Author: Daniel WILLIAMS, Professor at Baylor University, USA
The aim of this essay is to show how one Jewish and two Christian scholars from antiquity - Philo of Alexandria (1st c.), Clement of Alexandria (3rd c.) and Basil of Caesarea (4th c.)—were immersed in and widely utilized Greek intellectual culture (Hellenism), especially the concepts of paideia (education or instruction) and virtue. These three figures are chosen because they are fitting examples of the Hellenization of early Christianity and the Christianization of the Graeco-Roman world. As part of understanding this process, it is important to notice how these writers drew a sharp line between the religious syncretism common to the Greek legacy and Greek culture. Their indebtedness to Greek philosophical ideas and methods of interpretation notwithstanding, they never lost the distinctiveness of their Jewish or Christian conviction in terms of texts, ideas and the formation of the person.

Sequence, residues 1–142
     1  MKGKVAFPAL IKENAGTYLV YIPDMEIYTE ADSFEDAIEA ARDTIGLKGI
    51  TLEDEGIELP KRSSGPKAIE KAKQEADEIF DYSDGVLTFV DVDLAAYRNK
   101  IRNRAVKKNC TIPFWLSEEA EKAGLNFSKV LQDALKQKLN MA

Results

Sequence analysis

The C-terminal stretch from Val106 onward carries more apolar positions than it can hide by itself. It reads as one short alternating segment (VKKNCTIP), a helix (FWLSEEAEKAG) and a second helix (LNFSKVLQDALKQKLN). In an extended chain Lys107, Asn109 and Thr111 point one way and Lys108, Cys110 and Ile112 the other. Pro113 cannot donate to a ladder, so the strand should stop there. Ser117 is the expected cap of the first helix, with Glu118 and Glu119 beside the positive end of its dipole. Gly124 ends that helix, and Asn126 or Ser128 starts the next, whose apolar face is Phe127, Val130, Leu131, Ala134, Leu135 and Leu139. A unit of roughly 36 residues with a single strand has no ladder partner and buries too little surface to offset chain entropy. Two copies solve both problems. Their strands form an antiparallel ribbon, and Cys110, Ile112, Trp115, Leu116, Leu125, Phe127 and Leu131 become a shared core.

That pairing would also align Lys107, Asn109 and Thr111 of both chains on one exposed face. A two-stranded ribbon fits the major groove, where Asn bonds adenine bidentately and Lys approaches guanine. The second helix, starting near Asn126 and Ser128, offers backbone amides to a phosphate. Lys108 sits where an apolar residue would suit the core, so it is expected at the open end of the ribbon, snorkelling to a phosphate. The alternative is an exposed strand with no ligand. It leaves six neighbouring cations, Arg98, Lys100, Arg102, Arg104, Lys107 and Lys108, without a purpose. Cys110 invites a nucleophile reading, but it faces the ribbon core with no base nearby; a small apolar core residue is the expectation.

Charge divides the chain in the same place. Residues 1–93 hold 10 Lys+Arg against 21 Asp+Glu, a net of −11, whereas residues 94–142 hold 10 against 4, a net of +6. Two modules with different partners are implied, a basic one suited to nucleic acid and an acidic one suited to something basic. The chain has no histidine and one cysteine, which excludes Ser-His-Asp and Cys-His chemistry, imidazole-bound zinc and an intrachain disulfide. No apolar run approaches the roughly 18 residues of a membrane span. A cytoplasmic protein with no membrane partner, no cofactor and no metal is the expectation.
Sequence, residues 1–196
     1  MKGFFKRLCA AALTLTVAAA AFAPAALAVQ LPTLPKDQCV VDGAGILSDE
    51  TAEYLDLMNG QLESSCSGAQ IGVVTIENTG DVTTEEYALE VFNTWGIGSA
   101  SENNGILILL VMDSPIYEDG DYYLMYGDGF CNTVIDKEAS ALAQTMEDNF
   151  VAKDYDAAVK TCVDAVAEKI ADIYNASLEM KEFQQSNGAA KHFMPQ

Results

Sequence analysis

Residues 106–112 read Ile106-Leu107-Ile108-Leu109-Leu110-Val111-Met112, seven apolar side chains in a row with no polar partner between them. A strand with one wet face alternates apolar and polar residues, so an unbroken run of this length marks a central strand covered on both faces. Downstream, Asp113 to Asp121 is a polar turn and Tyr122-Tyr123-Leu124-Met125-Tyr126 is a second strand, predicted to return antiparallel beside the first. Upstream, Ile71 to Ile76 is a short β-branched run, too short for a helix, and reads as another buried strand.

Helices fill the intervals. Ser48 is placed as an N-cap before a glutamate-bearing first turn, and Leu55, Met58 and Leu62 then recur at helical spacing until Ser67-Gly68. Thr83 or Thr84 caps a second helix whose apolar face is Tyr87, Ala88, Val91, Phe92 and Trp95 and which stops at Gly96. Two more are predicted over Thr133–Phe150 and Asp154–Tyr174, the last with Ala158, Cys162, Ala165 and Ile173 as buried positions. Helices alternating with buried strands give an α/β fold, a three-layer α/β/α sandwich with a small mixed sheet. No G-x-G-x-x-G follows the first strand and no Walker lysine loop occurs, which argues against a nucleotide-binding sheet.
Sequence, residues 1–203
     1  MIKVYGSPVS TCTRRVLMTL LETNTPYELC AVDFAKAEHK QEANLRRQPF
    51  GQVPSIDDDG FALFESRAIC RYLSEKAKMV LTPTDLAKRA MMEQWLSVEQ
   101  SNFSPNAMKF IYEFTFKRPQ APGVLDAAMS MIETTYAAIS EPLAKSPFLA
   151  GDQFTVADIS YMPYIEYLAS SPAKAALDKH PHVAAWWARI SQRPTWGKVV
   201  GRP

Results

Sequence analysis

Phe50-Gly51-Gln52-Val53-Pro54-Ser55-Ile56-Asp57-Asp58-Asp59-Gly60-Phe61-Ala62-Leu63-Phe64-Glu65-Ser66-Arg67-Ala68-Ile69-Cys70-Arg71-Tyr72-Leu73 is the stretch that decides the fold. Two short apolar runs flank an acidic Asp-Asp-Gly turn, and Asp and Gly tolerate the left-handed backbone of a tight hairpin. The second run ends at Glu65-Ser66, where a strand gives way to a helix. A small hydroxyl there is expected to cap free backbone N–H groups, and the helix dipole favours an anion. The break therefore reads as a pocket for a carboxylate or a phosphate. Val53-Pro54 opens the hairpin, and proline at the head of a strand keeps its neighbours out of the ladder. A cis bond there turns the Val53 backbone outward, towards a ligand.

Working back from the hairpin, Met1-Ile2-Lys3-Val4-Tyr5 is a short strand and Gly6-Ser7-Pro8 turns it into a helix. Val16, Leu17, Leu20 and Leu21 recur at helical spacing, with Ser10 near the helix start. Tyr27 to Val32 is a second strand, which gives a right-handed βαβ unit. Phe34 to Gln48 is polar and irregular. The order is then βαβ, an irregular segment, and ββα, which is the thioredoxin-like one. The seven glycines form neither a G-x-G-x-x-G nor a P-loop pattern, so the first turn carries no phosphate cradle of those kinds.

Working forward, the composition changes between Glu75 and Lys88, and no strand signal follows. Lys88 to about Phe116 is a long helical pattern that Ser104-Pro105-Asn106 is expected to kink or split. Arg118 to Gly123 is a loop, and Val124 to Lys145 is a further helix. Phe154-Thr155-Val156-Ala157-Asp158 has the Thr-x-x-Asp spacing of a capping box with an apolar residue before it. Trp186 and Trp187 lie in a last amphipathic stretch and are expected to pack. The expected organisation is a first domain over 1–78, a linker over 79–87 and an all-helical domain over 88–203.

Hellenization; transposition; paideia
Full Text (International Version):
Full Text (Simplified Chinese Version):